My dear brothers and sisters in Christ:
In her guest column in The State Journal-Register on Jan. 25, Elaine Boardman asked, "Why should I return to the Catholic Church?" Her column was in response to the study of drifting and former Catholics being conducted by researchers at Benedictine University.
The results of that study are not yet available, as the survey is still open and available to those who would like to respond at www.ben.edu/catholicsurvey. This will be followed by a second survey of Catholics who regularly attend Mass and their reasons for doing so.
I commissioned this survey because I sincerely want to know why some Catholics have stopped going to church and why others continue to attend regularly. Since Ms. Boardman decided to respond publicly, I would like to answer her question publicly, and I am grateful to The State Journal-Register for printing my response. I am also responding here in Catholic Times at greater length for those who do not read The State Journal-Register and to provide a fuller response to her question.
Elaine, let me say first that I am grateful you took the time to express your views openly and frankly. They are upsetting to read precisely because they are, in large part, accurate (one correction: Father Kevin Sullivan is still a priest, though he is now retired and is no longer engaged in public ministry).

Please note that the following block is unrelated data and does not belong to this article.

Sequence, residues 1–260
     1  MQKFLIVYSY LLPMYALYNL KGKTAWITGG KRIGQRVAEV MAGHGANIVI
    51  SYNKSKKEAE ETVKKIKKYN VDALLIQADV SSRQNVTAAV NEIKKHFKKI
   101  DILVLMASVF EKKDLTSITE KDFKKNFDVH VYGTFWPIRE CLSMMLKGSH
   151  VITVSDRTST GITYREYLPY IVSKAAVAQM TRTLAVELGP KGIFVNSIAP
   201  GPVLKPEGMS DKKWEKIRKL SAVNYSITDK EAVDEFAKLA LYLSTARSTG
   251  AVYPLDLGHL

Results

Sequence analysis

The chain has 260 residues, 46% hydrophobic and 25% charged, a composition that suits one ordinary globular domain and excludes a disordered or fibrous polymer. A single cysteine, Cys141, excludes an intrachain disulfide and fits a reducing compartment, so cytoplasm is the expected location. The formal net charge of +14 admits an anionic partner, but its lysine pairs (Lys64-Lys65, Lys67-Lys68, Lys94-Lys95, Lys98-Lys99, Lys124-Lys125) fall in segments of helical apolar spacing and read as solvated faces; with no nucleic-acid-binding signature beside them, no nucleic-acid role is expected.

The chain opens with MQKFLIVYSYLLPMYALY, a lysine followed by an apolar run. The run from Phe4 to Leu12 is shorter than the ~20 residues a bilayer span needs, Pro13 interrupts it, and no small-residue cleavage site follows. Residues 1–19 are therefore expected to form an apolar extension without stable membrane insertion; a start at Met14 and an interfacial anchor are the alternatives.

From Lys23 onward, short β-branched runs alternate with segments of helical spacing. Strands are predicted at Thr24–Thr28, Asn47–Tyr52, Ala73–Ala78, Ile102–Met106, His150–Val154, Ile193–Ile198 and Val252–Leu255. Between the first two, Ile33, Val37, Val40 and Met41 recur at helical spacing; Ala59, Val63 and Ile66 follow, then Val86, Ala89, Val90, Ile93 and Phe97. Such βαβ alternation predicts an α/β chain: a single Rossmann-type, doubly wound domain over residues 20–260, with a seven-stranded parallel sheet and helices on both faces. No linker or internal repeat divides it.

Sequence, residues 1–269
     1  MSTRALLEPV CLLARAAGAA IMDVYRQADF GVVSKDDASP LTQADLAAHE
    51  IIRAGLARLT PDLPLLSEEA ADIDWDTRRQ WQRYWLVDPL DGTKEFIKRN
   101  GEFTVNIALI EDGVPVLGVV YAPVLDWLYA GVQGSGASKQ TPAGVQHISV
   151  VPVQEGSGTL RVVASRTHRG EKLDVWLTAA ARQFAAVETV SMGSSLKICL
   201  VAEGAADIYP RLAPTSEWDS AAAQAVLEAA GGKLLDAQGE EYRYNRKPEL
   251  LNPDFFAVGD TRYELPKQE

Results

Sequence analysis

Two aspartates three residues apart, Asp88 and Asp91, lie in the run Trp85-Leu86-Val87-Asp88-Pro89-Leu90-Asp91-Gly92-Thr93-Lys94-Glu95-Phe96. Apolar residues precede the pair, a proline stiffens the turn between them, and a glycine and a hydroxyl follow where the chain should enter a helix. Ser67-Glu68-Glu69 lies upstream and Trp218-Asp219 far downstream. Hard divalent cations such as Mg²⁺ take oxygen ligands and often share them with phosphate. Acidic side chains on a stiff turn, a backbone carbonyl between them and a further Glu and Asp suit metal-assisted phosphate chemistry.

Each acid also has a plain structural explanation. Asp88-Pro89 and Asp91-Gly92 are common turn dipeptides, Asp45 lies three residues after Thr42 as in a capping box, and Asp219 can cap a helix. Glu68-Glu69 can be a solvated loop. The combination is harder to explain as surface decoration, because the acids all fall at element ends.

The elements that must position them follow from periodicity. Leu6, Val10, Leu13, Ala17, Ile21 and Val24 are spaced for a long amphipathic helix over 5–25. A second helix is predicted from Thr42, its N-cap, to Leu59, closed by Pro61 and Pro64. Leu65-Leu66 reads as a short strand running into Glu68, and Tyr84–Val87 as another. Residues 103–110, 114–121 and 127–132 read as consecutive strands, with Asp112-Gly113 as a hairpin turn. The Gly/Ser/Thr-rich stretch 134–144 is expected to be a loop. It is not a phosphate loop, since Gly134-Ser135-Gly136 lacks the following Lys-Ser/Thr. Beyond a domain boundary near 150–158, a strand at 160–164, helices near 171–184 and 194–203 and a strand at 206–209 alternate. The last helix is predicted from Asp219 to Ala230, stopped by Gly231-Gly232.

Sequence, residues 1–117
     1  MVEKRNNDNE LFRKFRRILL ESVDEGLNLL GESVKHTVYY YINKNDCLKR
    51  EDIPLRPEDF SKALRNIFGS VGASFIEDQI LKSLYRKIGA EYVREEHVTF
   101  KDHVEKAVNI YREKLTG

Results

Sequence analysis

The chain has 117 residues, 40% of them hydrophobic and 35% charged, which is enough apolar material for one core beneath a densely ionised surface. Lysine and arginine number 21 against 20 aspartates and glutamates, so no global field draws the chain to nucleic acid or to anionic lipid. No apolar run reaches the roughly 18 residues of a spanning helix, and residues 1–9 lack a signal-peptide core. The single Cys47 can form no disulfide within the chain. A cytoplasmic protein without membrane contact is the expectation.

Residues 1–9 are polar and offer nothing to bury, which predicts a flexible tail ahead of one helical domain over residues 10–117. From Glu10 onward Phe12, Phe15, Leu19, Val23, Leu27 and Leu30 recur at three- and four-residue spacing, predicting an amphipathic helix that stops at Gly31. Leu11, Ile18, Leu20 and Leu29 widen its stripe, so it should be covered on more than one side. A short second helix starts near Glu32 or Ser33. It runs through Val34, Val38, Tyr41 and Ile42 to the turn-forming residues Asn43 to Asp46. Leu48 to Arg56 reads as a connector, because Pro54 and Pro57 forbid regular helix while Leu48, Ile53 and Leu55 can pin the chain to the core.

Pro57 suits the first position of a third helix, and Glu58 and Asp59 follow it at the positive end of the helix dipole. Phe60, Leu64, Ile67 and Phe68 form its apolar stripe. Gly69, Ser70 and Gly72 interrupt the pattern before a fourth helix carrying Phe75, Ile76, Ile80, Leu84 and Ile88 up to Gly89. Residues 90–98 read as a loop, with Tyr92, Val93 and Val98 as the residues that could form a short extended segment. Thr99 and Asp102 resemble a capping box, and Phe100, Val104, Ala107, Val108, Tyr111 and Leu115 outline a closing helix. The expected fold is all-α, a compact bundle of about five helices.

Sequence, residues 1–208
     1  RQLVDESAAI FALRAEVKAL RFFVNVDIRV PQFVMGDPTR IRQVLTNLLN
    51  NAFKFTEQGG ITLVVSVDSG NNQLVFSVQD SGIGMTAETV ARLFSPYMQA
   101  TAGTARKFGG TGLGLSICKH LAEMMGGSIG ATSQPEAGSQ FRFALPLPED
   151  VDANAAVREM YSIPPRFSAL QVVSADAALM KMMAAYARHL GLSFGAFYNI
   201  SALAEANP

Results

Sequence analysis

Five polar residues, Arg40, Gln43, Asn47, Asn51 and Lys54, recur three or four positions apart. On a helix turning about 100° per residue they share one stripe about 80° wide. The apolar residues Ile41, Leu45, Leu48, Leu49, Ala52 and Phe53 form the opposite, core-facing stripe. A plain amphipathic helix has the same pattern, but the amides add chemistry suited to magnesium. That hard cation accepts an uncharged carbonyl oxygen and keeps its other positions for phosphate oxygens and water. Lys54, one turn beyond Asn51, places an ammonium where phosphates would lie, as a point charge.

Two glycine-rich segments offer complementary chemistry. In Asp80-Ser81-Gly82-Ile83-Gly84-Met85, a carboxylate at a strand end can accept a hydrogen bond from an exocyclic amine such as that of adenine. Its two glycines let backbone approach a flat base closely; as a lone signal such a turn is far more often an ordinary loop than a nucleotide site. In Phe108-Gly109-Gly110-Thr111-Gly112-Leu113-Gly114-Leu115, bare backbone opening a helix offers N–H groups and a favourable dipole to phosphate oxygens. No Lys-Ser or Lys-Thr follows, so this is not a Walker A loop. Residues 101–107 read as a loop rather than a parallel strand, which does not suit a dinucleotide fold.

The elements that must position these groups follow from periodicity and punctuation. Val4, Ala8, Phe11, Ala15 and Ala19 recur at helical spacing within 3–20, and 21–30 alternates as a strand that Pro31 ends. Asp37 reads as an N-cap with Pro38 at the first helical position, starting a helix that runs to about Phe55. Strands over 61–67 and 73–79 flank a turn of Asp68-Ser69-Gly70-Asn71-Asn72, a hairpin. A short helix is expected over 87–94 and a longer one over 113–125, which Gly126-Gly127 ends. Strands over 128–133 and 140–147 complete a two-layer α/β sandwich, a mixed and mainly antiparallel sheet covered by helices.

You concluded by saying, "I am your new reality. Deal with me and tell me how to come back to church. Don't just tell me the past is the past, and that you are sorry." I won't offer any excuses and I have always thought that apologizing for someone else's wrongs is rather hollow and meaningless. Instead, I will offer three reasons why you should return to the Catholic Church. Two of these reasons rely on the words of Jesus and remind us that Jesus himself founded both the church and the priesthood. The third reminds us that you are correct: The church cannot take anyone for granted.